Roberts Earns His Keep: The Supreme Court’s “ObamaCare” Decision (2012)

by Jane Anne Morris

 

In the “Obamacare” decision, Chief Justice Roberts masterfully executed what the Zulu call “buffalo horns” — the pincer strategy1. Purchase of health insurance is mandatory (a 5-4 vote), BUT states are not required to expand Medicaid to cover the people who can’t afford insurance (a 7-2 vote). The combination is a perfect way to anger many (excepting most health care and insurance corporations), without helping those most in need, while appearing to set aside partisanship.

Also pretty smooth was Roberts’s rounding up of five votes (his own plus the four “conservatives”) to affirm that the commerce clause cannot be the “hook” for this broad social welfare legislation–the first time since the New Deal that the Supreme Court put its foot down in this manner. Additionally, this is the Court’s fourth case since 1995 signaling the waning of power of the commerce clause to support a range of environmental, labor, and civil rights law. Need a quick example? Clean Water Act. 2

It’s as though, when Roberts surmised that the state Medicaid expansion requirement was going down, he went clause-shopping. After a sermon fulminating against overuse of the commerce clause, Roberts tapped the Constitution’s “tax and spend” clause (Art. I. Sec. 8. Cl. 1) to justify the individual mandate (the four “liberals” joining him stuck with commerce). In so doing, Roberts publicly pasted a ready-made “tax and spend” label on an incumbent president in a sagging economy.

What could have been at the outset (ca. 2009) a national discussion of single payer universal health care, has been diverted into a discussion of the legalistic definitions of tax, activity/ inactivity, commerce, regulate, effects, and so on. This case stands as a reminder that the Supreme Court wields a “line-item veto” so comprehensive that it can rewrite the entire complexion of legislation by selectively deleting and affirming. Just think what the Court could do to a single payer law.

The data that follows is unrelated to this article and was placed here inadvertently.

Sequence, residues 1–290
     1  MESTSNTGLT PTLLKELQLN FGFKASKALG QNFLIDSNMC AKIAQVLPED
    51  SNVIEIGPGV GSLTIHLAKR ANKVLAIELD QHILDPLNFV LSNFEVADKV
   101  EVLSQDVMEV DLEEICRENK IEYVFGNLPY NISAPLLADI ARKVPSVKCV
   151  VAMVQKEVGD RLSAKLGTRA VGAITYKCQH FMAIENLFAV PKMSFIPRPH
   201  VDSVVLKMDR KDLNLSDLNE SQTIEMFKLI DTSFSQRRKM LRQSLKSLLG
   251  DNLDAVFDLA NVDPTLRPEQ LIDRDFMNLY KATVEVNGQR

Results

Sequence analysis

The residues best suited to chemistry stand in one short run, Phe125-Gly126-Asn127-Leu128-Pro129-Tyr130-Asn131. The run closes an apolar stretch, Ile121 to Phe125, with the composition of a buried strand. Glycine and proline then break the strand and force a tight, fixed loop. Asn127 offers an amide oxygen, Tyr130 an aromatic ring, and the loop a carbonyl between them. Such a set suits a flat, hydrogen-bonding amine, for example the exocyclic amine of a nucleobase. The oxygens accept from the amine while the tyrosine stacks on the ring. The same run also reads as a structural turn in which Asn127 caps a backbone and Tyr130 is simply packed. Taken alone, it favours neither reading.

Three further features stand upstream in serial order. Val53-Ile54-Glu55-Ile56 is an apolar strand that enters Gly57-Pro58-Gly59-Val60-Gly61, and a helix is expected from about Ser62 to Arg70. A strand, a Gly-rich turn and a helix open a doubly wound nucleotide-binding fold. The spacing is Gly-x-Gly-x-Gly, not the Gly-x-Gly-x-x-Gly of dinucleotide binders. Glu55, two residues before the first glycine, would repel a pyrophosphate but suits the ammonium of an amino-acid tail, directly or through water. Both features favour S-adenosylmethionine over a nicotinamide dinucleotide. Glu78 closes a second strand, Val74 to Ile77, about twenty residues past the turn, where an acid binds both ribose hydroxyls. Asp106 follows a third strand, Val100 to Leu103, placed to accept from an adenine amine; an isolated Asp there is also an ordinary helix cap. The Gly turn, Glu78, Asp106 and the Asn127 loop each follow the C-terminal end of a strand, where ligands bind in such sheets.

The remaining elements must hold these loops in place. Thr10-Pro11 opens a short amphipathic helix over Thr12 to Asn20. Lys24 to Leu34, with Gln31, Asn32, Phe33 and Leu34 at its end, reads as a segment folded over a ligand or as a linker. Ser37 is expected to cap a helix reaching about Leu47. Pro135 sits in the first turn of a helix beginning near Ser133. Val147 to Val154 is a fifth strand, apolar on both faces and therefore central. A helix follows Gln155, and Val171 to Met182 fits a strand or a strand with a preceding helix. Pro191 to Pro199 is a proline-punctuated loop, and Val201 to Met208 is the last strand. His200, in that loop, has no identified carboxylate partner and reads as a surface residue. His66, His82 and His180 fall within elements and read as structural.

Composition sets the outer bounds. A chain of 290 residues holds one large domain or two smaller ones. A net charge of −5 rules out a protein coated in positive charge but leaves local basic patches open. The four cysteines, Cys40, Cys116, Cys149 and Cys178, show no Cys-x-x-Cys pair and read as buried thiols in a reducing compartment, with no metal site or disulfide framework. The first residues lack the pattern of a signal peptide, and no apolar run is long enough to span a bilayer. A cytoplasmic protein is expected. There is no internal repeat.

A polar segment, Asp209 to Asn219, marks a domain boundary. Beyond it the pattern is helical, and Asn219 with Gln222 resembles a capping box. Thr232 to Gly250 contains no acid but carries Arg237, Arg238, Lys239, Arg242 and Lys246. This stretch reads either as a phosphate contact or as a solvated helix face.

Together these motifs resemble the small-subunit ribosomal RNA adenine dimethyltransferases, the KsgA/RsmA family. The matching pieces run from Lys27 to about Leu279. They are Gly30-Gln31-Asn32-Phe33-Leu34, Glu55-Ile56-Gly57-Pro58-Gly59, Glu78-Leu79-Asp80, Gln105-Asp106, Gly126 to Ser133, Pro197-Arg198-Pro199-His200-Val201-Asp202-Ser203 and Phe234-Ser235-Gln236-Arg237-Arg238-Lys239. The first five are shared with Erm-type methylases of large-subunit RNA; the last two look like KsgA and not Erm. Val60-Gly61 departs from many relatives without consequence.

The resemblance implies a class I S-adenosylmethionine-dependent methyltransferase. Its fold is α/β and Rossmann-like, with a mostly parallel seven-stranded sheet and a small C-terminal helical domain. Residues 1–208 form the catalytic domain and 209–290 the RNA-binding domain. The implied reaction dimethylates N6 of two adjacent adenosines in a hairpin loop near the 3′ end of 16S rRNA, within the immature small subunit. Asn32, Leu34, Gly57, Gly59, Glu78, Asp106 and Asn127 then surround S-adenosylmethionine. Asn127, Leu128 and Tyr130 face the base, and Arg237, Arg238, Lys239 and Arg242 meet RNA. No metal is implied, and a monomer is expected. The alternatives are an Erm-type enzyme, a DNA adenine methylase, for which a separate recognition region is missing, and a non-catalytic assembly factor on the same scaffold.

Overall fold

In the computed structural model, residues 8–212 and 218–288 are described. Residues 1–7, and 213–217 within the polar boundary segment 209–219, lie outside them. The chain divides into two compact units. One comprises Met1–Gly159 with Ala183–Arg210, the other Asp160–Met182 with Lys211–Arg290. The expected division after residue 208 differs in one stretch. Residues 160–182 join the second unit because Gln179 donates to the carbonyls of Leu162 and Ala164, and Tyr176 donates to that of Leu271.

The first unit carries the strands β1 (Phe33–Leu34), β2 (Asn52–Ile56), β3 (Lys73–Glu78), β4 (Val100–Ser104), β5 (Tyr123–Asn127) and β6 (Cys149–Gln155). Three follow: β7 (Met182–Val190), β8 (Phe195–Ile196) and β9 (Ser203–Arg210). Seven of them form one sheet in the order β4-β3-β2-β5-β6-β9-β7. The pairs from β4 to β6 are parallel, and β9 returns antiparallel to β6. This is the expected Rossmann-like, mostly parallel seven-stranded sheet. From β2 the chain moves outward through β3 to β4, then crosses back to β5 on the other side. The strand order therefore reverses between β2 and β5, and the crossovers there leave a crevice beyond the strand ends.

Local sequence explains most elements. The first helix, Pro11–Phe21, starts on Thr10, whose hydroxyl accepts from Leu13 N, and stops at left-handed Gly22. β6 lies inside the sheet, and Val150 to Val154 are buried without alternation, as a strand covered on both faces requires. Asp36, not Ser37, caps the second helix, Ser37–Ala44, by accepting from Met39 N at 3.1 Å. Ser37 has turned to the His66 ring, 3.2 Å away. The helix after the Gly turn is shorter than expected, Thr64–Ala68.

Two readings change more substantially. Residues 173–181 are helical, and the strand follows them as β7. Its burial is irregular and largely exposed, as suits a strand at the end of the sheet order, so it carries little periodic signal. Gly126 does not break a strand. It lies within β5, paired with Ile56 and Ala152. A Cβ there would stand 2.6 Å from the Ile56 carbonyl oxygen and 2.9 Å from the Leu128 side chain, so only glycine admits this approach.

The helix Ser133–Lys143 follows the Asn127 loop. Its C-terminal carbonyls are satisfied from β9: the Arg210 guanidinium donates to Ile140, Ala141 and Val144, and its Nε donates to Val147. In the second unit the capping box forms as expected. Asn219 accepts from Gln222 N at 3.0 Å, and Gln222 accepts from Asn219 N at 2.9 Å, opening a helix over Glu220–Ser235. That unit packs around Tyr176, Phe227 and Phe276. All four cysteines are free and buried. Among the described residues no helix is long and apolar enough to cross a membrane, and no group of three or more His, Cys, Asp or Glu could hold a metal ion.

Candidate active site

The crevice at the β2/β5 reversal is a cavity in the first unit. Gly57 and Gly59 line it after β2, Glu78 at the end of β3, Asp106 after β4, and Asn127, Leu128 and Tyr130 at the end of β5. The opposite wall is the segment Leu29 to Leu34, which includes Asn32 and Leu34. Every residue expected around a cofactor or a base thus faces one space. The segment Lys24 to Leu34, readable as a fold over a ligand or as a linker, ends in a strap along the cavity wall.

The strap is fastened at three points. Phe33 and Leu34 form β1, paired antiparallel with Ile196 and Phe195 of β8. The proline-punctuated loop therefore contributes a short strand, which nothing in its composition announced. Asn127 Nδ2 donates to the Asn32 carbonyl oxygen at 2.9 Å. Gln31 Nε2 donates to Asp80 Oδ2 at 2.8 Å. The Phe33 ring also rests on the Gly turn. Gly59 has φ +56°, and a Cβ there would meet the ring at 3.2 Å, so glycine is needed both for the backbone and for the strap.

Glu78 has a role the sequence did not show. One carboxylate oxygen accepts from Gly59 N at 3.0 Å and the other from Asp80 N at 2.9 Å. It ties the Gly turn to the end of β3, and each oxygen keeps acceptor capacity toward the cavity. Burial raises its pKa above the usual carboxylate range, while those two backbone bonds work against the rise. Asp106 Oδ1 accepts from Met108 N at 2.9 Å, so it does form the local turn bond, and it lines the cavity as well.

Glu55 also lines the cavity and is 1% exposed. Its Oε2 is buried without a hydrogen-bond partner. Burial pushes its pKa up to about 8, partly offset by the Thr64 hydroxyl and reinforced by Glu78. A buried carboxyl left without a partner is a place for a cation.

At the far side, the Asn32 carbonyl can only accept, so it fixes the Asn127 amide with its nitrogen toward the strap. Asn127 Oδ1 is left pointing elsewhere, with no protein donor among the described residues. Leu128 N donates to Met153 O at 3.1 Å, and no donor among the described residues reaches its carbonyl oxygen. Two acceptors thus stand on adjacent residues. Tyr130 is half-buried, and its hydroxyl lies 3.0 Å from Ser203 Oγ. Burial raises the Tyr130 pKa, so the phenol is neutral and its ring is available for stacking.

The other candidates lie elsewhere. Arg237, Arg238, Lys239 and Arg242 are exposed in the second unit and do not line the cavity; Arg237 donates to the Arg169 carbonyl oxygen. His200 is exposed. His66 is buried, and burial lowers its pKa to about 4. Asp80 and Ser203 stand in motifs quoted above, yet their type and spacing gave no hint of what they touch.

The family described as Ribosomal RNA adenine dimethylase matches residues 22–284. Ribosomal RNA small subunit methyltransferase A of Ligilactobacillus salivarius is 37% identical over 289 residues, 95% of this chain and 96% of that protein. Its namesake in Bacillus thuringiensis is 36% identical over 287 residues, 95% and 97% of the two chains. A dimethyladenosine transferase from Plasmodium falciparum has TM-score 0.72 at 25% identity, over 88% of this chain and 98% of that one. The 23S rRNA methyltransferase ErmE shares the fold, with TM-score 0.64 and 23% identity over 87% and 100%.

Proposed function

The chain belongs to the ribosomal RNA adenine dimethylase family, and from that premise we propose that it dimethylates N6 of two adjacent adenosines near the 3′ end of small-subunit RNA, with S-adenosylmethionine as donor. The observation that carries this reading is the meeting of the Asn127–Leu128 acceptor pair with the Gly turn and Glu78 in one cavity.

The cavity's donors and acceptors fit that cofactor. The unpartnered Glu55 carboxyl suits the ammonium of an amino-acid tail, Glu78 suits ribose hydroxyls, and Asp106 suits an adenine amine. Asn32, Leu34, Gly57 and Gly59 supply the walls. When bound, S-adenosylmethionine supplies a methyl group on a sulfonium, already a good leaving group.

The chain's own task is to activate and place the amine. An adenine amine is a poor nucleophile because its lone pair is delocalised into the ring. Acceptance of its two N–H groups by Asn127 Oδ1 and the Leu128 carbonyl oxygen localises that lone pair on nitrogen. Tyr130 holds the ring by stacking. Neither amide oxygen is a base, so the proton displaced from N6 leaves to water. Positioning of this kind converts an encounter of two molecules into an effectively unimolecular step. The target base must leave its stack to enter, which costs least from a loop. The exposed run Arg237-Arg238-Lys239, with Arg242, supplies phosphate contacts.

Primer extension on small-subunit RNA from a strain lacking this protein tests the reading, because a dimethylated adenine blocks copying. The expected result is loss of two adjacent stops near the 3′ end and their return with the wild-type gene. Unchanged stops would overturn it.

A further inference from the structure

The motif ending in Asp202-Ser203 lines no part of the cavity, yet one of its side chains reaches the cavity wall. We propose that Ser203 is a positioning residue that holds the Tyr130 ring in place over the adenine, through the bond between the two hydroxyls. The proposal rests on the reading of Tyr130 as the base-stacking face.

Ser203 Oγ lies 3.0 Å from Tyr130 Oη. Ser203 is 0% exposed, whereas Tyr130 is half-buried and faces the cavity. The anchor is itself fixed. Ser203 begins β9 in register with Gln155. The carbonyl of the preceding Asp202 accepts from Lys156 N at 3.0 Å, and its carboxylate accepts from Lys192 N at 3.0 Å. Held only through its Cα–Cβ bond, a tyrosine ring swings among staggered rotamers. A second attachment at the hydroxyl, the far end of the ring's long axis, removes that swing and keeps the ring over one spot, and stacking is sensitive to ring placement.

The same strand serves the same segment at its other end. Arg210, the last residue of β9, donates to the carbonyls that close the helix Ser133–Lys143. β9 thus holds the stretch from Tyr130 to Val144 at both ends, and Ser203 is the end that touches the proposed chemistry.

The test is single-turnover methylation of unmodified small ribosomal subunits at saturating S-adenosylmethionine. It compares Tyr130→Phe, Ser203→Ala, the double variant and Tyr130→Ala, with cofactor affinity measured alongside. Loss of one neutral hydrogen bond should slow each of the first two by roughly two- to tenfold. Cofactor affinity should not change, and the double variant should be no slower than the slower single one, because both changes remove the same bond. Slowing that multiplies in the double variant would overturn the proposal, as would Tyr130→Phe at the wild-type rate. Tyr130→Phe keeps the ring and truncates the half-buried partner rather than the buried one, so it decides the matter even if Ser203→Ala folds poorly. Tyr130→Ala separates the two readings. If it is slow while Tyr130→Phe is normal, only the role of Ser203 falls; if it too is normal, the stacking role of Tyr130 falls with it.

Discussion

I have to agree with the final sentence in James MacGregor Burns’s 2009 book Packing the Court:

“A national reappraisal of the all-powerful court chosen by judicial roulette is crucial if American democracy is to meet the rising challenges of the twenty-first century.”3

  1. Not Sure What Happened?

    On June 28, 2012, the Supreme Court delivered its decision in National Federation of Independent Business v. Sebelius.

    The vote was as follows:

    • 5-4 saying the individual mandate was constitutional (4 liberals accepted it under commerce, plus Roberts accepted it under tax & spend authority, Art. I., Sec. 8, Cl. 1).
    • 5-4 saying the individual mandate was not constitutional under the commerce clause (Roberts plus 4 conservatives).
    • 7-2 said the Medicaid expansion requirement was not constitutional (the 2 dissenters were Sotomayor & Ginsburg).

    (For JAM’s background analysis of the issues, see: “ObamaCare”, The Constitution, and Democracy: The Heart of the Matter)

  2. See Morris, Gaveling Down the Rabble: How “Free Trade” is Stealing Our Democracy (2008).
  3. James MacGregor Burns, Packing the Court: The Rise of Judicial Power and the Coming Crisis of the Supreme Court (NY: Penguin Press, 2009).